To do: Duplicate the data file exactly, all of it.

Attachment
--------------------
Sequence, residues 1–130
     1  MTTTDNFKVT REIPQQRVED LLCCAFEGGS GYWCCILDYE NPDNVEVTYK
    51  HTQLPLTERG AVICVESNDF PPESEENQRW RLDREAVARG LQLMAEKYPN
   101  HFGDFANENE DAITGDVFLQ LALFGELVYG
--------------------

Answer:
Sequence, residues 1–130
     1  MTTTDNFKVT REIPQQRVED LLCCAFEGGS GYWCCILDYE NPDNVEVTYK
    51  HTQLPLTERG AVICVESNDF PPESEENQRW RLDREAVARG LQLMAEKYPN
   101  HFGDFANENE DAITGDVFLQ LALFGELVYG